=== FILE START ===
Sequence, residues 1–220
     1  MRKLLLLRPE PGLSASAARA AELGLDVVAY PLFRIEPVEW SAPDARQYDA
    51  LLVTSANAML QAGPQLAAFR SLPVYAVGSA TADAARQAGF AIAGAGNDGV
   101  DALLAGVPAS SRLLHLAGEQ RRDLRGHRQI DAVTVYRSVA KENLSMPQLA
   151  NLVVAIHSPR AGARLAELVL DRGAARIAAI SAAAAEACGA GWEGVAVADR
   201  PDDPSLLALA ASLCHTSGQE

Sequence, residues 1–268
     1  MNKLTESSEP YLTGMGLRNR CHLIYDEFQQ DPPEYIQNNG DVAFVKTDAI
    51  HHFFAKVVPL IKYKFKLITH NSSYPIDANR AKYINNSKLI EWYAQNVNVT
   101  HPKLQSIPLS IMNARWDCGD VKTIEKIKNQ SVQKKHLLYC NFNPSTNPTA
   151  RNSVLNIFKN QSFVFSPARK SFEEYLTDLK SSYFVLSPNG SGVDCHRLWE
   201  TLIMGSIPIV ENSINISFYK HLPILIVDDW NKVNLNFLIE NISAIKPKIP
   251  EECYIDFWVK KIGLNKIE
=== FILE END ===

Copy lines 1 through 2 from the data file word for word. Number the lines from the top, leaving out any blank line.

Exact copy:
Sequence, residues 1–220
     1  MRKLLLLRPE PGLSASAARA AELGLDVVAY PLFRIEPVEW SAPDARQYDA